| By Michael Jappell CRPC

Most of us have heard the saying: “Don’t put all of your eggs in one basket.” For years, financial experts have urged investors to spread their money across different types of asset classes—such as stocks, bonds and cash—in order to help reduce risk and enhance long-term returns.

Yet, all too often, investors ignore this advice, pouring the bulk of their funds into a relatively narrow handful of investments—or even into a single stock. Although diversification does not insure against loss, it can be an important factor to helping you achieve long-term financial success.
As with tennis, let’s relate this to a player with one strength. In this case, we’ll use the player’s forehand as an example. If all this player has is that one strong point and never works on any of his/her weaknesses (serve, backhand or volley), this player could potentially let themselves fall victim to an opponent that can exploit these weak points on a consistent basis.
 
Modern portfolio theory
The concept of diversification finds its roots in the Modern Portfolio Theory. This theory states that portfolios created using a mix of different asset classes and investment styles should deliver higher returns with less risk than any one asset class would by itself.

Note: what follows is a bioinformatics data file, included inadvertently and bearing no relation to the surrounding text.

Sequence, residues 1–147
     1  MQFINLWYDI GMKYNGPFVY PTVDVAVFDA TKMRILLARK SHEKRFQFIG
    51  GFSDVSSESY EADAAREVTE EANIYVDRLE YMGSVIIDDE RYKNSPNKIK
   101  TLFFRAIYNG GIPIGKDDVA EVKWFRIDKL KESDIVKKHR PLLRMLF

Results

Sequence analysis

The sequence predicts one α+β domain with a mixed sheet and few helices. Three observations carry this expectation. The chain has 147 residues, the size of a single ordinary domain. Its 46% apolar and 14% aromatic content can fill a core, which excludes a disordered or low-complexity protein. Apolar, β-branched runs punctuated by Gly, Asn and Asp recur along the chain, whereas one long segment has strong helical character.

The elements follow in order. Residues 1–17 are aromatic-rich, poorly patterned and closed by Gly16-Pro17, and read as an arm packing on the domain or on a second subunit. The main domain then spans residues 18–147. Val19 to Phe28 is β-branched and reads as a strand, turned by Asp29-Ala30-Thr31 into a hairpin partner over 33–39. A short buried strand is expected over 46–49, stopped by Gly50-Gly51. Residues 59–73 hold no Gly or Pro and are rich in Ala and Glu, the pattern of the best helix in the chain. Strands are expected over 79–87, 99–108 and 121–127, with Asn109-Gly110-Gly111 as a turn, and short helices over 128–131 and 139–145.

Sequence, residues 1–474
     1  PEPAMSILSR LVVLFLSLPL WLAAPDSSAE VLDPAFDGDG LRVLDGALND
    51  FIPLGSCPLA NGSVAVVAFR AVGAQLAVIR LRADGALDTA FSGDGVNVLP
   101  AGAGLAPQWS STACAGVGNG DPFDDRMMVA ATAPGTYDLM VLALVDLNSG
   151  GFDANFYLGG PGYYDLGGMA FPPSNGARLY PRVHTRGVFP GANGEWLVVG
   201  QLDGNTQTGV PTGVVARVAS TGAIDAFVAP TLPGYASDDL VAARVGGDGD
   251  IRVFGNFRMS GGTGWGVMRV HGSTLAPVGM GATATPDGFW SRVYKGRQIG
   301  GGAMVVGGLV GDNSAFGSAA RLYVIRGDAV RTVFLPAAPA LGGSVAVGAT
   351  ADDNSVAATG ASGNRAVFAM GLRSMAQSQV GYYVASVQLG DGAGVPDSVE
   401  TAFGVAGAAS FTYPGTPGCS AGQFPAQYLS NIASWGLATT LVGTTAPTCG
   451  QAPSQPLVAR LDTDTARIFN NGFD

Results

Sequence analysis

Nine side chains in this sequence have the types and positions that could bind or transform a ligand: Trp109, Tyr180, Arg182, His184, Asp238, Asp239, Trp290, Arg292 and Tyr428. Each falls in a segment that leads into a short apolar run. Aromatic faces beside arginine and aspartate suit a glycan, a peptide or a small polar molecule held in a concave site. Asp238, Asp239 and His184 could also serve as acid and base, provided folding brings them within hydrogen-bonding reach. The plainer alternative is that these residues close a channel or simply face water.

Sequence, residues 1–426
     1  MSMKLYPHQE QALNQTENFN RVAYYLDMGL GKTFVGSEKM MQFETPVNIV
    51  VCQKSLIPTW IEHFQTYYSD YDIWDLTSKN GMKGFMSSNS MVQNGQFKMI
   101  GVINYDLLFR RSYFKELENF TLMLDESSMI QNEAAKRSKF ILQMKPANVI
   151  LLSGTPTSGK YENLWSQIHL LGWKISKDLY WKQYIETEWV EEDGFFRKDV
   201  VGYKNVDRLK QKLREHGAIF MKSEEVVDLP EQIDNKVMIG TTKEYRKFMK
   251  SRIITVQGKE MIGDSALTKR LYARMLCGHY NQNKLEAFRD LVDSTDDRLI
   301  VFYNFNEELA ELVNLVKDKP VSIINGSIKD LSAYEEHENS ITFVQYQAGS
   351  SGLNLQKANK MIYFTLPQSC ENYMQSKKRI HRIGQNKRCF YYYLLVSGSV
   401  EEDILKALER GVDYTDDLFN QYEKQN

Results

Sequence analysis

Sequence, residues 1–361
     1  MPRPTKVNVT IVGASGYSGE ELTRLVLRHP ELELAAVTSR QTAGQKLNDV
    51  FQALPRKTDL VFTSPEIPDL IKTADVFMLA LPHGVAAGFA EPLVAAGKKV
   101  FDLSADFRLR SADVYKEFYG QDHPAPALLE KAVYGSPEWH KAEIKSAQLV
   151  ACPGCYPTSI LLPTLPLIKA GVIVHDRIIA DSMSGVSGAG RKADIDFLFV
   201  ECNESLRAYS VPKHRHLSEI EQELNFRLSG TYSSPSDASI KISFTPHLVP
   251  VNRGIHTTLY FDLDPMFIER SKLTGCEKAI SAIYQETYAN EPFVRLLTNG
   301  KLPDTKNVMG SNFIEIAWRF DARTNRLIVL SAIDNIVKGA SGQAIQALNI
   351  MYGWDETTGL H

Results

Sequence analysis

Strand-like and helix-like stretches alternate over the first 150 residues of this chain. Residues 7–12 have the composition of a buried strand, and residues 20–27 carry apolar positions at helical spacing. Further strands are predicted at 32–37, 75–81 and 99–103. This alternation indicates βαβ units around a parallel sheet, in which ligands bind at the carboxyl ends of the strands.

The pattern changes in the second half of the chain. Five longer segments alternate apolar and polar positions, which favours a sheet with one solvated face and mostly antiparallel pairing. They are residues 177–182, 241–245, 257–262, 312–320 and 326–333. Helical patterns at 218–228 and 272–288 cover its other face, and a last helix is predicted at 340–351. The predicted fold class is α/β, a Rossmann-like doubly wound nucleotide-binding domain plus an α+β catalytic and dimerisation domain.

Asset allocation process

Developing an asset allocation strategy requires an in-depth statistical analysis of asset class performance. While this process begins with an analysis of historic risk and return results, it shouldn’t end there. The capital markets are constantly evolving, and what occurred yesterday, might not happen tomorrow. With many different variables and strategies impacting diversification decisions, many investors may find it difficult to chart an appropriate course.

Michael Jappell CRPC

<p>Michael J. Jappell, CRPC is a Smith Barney Financial Advisor and Chartered Retirement Planning Counselor, located in Garden City, N.Y. He may be reached at (516) 227-2808 or visit www.fa.smithbarney.com/jappell.</p>
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